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Mind & Body

LIIT vs HIIT: Why slower exercise could fast-track your results

New research reveals that taking down the pace of your workouts could make your body not just healthier, but more toned, too. DANIELLE FOX has the lowdown on Low-Intensity Interval Training


When did you last work out? Yesterday? This morning? For many of us, it’s both. Today’s fitness habits are not just about working out, but pushing ourselves to our absolute limits. And it’s become addictive; we sign up to boot camps to kick-start fitness regimes, tackle assault courses that were once designed for the military only, and book in for classes called ‘Insanity’ and ‘Sufferfest’ with a mix of terror and pride. But rather than making our bodies stronger, many of us are doing them physical harm, which is where Low-Intensity Interval Training (LIIT) comes in. Here’s what to know.

Your workout could be doing more harm than good

A report published in the Journal of the American College of Cardiology found that people who push their bodies too hard can essentially negate the benefits of exercise. The study found that strenuous joggers were as likely to die from impacts on heart health as sedentary non-joggers, while light joggers who ran no more than three times a week (in total between 1-to-2.4 hours) had the lowest rates of mortality. And, despite its healthy reputation, even yoga can also worsen hip problems. “Any exercise, even yoga, when done excessively, can place enormous stress on the body,” says Dr Leon E. Popovitz, co-founder of the New York Bone and Joint Specialists.

LIIT: Less stress, better results

There is an emerging desire for a slower pace of exercise, which may signal an end to the explosive-exercise craze. LIIT, or Low Intensity Interval Training – think a Pilates/strength-training hybrid using heavy weights, resistance bands and bodyweight moves – promises visible results. Exercising at a lower intensity puts you in an aerobic state, which experts say burns fat at a higher percentage than anaerobic exercise.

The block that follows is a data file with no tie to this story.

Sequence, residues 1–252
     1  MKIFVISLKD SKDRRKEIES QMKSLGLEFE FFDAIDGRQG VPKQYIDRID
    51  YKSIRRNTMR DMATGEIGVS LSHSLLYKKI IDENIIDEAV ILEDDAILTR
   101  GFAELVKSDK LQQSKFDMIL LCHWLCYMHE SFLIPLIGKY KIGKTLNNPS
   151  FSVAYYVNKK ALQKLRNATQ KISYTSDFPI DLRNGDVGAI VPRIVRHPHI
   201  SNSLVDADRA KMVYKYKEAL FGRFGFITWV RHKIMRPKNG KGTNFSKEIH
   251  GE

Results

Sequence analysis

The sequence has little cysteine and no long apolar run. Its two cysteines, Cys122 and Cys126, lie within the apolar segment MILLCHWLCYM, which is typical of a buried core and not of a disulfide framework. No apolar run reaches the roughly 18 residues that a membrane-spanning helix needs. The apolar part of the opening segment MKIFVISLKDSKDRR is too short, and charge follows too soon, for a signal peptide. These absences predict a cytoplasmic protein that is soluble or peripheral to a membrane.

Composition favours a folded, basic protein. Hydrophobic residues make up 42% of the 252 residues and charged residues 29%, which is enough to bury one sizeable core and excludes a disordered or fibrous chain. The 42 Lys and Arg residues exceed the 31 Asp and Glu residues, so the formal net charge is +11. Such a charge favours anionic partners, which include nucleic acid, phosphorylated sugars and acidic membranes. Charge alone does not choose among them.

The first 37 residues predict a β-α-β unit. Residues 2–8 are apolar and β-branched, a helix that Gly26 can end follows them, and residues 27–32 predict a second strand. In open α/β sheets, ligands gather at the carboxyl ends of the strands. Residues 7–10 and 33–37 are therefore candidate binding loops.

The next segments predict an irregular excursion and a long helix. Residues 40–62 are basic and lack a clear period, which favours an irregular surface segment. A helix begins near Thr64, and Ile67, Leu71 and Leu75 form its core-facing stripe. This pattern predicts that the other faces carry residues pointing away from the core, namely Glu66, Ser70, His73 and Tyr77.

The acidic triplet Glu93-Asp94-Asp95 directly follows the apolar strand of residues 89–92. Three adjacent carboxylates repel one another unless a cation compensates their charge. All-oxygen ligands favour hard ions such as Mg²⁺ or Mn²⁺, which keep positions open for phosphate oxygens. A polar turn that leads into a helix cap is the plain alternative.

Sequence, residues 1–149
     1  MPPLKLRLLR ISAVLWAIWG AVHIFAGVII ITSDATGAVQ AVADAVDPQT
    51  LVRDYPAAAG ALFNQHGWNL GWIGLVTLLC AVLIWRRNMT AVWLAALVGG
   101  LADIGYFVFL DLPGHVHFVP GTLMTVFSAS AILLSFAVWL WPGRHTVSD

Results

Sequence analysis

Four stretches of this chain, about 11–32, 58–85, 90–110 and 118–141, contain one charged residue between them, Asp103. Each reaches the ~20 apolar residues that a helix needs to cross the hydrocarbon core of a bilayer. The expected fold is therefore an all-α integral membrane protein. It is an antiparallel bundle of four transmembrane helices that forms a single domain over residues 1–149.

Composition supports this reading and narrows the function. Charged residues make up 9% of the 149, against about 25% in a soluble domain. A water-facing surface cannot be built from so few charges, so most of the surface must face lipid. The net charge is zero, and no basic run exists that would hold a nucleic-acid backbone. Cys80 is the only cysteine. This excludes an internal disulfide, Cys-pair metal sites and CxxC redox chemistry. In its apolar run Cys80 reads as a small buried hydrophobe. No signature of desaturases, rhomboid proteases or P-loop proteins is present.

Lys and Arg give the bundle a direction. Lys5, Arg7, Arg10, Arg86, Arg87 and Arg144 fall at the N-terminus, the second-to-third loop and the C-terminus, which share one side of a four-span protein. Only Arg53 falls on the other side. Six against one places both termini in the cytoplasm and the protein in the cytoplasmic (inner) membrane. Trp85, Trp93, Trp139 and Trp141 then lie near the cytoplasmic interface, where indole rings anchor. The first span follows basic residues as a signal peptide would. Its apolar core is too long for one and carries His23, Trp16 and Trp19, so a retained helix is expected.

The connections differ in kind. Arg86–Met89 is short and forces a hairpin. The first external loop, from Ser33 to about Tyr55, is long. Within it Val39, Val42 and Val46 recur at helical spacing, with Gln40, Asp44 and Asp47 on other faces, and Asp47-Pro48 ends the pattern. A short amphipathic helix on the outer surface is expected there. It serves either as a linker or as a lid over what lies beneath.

But don’t confuse slow with gentle: if you’re using a heavy enough weight (5kg or more), the burn increases without causing injury to joints. Even the Victoria’s Secret models, whose bodies are their business and who are famed for their intensive workouts, are embracing an altogether slower pace of fitness. Now, instead of pounding the treadmill, many are eliciting the help of trainers such as Justin Gelband and Stephen Pasterino, whose methods of slow and controlled sculpting, weighted movements and stances are proving very effective.

If you’re a HIIT devotee…

For those who can’t give up high-intensity workouts entirely, the key is to keep it moderate. “Relying solely on intensive forms of exercise is not sustainable in the long term,” says Nathalie Schyllert, CEO of Bodyism. “For it to have a positive impact on the body, it must be balanced out with stretching and strength work.”

Schyllert reveals that her team has been known to swap an exceptionally driven client’s class for a fascial stretch therapy session or a massage without telling them, in an attempt to balance out their regimen. Current guidelines recommend that 150 minutes of moderate exercise each week (such as low-impact cardio, Pilates and yoga) is sufficient to stay healthy. “But everybody is different and it is about finding a balance and the right mindset that works for you,” says Schyllert. “We have one body, so we have to be kinder to it.”



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